• Dana Schindler says on

    At my fourth board meeting in my new call (I moved from Missouri to Wisconsin) one leader asked “Pastor, now that you’ve been here 4 months, what are you going to do to get new members into the church?”
    I said that my friends all live in other states or are sitting here right now. I have nobody to invite yet. I have to depend on members to invite people for the most part. I will preach the best sermons I can, I will visit the sick and homebound, I will lead ministry outreach in any way that anyone wishes to join me in, and if you get someone in the door I will do anything I can to get them engaged enough to return. But each one of you has to come to church, participate in ministry, pray for our church and me, and invite everyone you know.”
    I’m in year 2 now.

    • Adrian Rogers used to say to his congregation, “My job is to fill the pulpit. Your job is to fill the pews.” Your reply was a good one, too, though!

  • Is there a way to embed your blog and podcast into my Facebook page? I’d prefer if it would just automatically post in my feed.

  • Mark Carpenter says on

    Pastor, I’ve got your back!

    Or, I didn’t vote for that!

  • Andy Minard says on

    I am guilty of the “podcast” one. A better way I’ve learned to share a resource…
    “Pastor, I’ve come acrossed a resource that made the points A and B. Could you help me understand this a little better?”

  • James McBride says on

    My favorite – “I was praying the other day, and God told me I was supposed to give a message (sing a song, make an announcement, etc) this morning” – Funny thing, God usually “forgets” to inform the pastor, music minister, etc. about that individual’s involvement.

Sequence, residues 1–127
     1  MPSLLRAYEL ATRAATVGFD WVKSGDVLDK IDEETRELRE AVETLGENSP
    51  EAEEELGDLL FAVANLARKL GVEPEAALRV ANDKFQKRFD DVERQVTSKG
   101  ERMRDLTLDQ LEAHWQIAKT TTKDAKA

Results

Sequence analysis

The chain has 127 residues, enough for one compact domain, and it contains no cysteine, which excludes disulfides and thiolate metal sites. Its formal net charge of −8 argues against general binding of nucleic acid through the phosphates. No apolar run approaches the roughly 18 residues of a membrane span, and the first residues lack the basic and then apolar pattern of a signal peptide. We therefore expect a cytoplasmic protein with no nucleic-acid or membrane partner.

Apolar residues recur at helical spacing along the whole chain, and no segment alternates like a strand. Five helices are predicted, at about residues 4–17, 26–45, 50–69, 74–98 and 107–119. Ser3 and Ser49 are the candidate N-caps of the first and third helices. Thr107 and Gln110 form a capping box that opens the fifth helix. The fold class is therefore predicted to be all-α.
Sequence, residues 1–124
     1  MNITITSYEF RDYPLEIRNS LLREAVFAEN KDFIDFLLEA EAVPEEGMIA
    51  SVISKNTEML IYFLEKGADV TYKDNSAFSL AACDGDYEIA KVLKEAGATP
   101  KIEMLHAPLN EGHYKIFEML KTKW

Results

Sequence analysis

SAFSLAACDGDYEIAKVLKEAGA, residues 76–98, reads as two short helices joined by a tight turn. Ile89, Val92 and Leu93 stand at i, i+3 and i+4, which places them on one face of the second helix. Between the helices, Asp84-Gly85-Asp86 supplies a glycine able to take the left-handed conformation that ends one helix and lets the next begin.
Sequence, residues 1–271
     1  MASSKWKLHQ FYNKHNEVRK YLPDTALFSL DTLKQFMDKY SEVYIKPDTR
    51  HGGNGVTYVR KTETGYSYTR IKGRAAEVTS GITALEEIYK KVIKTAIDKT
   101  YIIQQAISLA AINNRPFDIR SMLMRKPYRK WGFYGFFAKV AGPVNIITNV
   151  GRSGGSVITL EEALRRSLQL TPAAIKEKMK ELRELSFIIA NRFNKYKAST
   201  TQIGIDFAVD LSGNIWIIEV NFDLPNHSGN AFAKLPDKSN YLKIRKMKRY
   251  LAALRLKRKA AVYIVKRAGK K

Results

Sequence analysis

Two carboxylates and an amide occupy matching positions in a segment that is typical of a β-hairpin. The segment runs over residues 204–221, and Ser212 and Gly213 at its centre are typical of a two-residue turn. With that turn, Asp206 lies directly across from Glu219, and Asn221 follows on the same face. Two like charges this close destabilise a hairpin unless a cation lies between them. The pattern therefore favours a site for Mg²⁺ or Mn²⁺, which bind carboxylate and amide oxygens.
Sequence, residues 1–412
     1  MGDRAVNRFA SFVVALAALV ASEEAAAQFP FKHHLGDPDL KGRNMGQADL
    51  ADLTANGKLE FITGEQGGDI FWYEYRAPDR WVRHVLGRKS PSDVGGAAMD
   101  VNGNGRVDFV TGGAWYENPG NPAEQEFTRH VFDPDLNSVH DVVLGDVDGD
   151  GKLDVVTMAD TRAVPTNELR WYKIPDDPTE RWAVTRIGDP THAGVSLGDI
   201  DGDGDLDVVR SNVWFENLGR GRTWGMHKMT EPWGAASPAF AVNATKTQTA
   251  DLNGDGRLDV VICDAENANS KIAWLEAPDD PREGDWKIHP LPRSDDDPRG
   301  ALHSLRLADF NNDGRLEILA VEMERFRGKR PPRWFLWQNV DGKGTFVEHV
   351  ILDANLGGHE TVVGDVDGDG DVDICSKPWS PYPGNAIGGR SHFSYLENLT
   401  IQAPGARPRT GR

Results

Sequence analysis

• Wow. That’s strong.

  • “Pastor, I wish I could be in real ministry like you are.”

    Answer: You can be….just start ministering where you are. ????

    • I like the reply.

    • D. C. Wheeler says on

      One Sunday morning after I had preached on the need to support World Missions, a man said at the door, “All that around the world stuff is okay, but what are we doing right here?!” I told him, “Every Sunday we release over 100 missionaries to our community. Now get out there!”

      He didn’t come back for a while.

  • These 10 and others mentioned in the comments are ones I’ve heard as well (except for the cow one). The most “cringe worthy” I have heard in ministry was in response to a situation where our senior pastor was asked to be a neutral moderator at a deacons’ meeting in another church. The topic was whether to dismiss the music director who had an affair with a deacon’s wife. There are a lot of details that I don’t really have space to share, but the gist is that the music director did not repent and did not feel he should lose his job. The consensus of the deacon body was to keep him on staff because he was a “good music minister” and they are hard to find.

    The quote: “We know what the Bible says, but we feel this is what God would have us do.” Twenty years later and this still makes me cringe to think people could believe God’s will would ever contradict God’s Word.